Property: Tall stories from the country

When you think lofts, you think Manhattan, not Wiltshire - but now the high watermark of the smart inner-city lifestyle has gone rural, and apartments are springing up in market towns and old mansions.
Just what is a loft? A dusty, grubby old attic full of memories which are never looked at? Or a smart living space in an inner-city area, created out of a redundant industrial building with bare brick walls, original wooden floors, huge windows and masses of light.

In London and other cities, the penchant for living in lofts is unabated. City people are on the lookout for something different, a change from the traditional urban flat with box-shaped rooms and small windows. Instead they want an apartment where they can be creative and express themselves.

And now, a third type of loft is in evidence, the rural loft. This offers a similar expanse of space - large rooms with huge windows and high ceilings; but instead of former commercial buildings, they are in splendid period mansions or old institutional buildings.

Such buildings are usually converted into a number of small flats - but now there are several examples where enlightened developers have created more spacious loft-style apartments.

Near Tisbury, in Wiltshire, Nigel Tuersley, who is an ecologist, restorer and developer, has transformed part of the magnificent Wardour Castle, a Palladian mansion designed in 1770 by James Paine for the eighth Lord Arundell of Wardour, into 10 apartments.

Mr Tuersley bought Wardour Castle in 1992 with the dream of restoring it to its original design - he is even restoring the landscaped park as it once was, right down to each tree planned and planted by the old landscapers but lost or damaged over the years.

He lives in the main part of the castle with his wife and two children, but the whole mansion is far too large for one family to live in so Mr Tuersley converted the wings into massive loft-style apartments. "Manhattan- style loft apartments have attracted a big following in the London property market, particularly amongst the younger, affluent, designer set," says Nigel. "Their large open spaces, hardwood floors and potential for individual expression have created a strong demand among the urban elite. Invariably associated with converted industrial buildings, few of their purchasers would imagine that such properties could be available in a rural retreat and in a Palladian building."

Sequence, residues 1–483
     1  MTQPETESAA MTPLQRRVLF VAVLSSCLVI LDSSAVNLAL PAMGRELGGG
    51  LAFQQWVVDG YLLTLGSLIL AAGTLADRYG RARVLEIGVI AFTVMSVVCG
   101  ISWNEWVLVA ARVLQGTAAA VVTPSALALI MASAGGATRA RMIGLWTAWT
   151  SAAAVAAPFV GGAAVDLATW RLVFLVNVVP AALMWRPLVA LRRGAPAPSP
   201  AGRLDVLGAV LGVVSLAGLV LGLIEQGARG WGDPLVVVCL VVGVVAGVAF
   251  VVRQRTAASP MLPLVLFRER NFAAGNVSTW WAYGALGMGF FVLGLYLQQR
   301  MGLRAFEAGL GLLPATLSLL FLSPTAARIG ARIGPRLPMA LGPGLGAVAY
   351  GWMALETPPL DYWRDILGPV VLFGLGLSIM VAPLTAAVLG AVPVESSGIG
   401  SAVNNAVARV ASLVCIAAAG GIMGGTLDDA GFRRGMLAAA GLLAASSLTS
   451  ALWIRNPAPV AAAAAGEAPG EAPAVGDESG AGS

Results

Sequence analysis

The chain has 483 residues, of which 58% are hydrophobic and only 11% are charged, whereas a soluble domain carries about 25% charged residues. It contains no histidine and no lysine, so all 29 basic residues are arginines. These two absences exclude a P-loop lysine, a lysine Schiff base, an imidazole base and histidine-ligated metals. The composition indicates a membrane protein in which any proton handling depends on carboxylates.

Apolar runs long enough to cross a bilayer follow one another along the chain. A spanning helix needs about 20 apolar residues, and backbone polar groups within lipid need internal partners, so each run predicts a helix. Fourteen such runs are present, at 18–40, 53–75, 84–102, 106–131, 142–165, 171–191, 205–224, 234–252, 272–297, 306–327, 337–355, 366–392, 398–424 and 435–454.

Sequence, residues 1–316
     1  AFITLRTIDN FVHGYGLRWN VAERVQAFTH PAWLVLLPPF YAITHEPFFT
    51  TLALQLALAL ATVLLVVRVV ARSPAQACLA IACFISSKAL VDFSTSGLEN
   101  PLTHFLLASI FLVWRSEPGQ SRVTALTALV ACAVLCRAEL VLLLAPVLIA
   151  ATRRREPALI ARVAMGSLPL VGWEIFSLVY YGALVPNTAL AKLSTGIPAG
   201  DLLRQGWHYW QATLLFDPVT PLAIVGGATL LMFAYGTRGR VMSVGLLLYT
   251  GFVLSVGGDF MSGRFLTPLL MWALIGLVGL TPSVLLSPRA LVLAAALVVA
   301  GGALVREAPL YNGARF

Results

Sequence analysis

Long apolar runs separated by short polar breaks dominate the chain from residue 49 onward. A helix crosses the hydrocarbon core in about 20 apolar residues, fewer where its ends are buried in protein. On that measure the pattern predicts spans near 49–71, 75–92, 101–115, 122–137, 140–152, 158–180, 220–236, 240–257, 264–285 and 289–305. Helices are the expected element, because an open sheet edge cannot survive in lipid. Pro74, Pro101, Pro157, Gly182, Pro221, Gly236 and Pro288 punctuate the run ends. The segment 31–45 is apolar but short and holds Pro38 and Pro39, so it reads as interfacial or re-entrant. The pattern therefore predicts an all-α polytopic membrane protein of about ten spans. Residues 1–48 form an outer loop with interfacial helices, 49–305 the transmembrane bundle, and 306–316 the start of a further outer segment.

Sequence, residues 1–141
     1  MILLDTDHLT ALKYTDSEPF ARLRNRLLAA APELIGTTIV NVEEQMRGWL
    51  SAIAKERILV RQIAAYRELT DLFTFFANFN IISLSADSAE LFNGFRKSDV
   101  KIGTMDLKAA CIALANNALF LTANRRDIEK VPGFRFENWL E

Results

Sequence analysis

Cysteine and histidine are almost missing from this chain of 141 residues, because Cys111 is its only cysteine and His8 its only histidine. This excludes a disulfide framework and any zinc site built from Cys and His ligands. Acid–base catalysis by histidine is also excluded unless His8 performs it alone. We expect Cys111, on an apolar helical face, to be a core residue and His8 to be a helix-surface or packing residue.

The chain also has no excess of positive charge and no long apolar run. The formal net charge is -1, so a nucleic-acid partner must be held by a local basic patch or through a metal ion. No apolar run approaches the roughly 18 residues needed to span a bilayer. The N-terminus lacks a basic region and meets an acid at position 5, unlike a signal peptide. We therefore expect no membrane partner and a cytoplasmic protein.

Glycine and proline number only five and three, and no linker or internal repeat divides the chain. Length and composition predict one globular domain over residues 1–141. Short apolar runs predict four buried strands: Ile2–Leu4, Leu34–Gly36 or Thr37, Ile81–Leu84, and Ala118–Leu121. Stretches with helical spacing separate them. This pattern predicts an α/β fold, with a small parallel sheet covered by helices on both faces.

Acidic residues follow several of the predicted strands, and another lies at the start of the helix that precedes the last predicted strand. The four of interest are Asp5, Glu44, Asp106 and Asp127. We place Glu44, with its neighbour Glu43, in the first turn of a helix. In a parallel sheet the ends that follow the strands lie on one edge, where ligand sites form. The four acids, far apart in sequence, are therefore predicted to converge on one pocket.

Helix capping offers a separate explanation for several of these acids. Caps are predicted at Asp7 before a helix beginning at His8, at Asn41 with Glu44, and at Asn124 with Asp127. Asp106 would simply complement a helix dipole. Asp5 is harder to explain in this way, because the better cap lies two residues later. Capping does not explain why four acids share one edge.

The apartments are truly enormous with very large entertaining areas and two to four bedrooms. All have stripped hardwood floors and marble bathrooms combined with classical architecture and contemporary interiors.

Two of these are left for sale. The first is a four-bedroom apartment of 3,260 sq ft on the second floor. It has a large kitchen and a 26ft- by-22ft reception room. The other is a top-floor flat with two bedrooms and 2,699 sq ft of living space. This has ceiling heights from 12ft to 16ft and a 27ft by 25ft reception room. John D Wood is selling the two apartments for pounds 295,000 and pounds 285,000 respectively.

And at St Dunstans Gate, Canterbury, Berkeley Homes (Kent) is transforming an old warehouse into 25 apartments on three floors, of which eight will be loft-style apartments in the top roof space. The development is a regeneration of old railway sidings just outside the city walls and adjacent to West Canterbury station and there will be newly built homes as well as the warehouse conversion on the site.

The lofts will have exposed brickwork, original cast iron columns, original hardwood floors and traditional cast iron column radiators. Each loft will have a galleried area or sleeping platform and the company is considering offering an optional extra of installing a wood-burning stove.

Ceiling heights will be a maximum of around 20 ft and prices will range from pounds 100,000 to pounds 150,000. "The lofts will be the first for Canterbury," says David Rick, who is sales director for Berkeley Homes (Kent) - and it is likely that they are a first for the county of Kent too.

The Old School House in the centre of Stow-on-the-Wold, in the Cotswolds, is being converted into eight apartments and two houses. Two of these apartments are being designed in typical loft style, with mezzanine bedrooms and split-level ceilings where the large windows stretch from the living area on the ground floor right up to the bedroom on the gallery above.

Knight Frank's Stratford-upon-Avon office is selling the apartments and houses, and prices for the two one-bedroom loft apartments are pounds 97,500 and pounds 99,950.

In the heart of Shaftesbury, in Dorset, Terry Rogers of Nextmajor has converted the top floor of a period building. Originally it was a small flat, which was used for storage space, over offices. It had superb views to the rear over Cranborne Chase and Blackmoor Vale and Mr Rogers thought he could turn the flat into a much larger property and take better advantage of its position.

He extended the roof structure and created space in the rafters. Now The Apartment is almost 2,000 square feet, with a huge double reception room decorated in bright colours and a New York-style kitchen with turquoise- coloured units, both on the lower floor.

On the top attic floor, the master bedroom stretches up to the vaulted ceiling with huge cathedral windows looking over the view. The bedroom has an en suite shower room which is set into the eaves and there is a second bedroom, separate bathroom and another smaller room in the eaves. Gilyard Scarth is selling The Apartment with two courtyard parking spaces for pounds 135,000.

St Dunstan's Gate: 01227 458474; John D Wood: 01962 863131; Knight Frank: 01789 269853; Gilyard Scarth: 01747 851122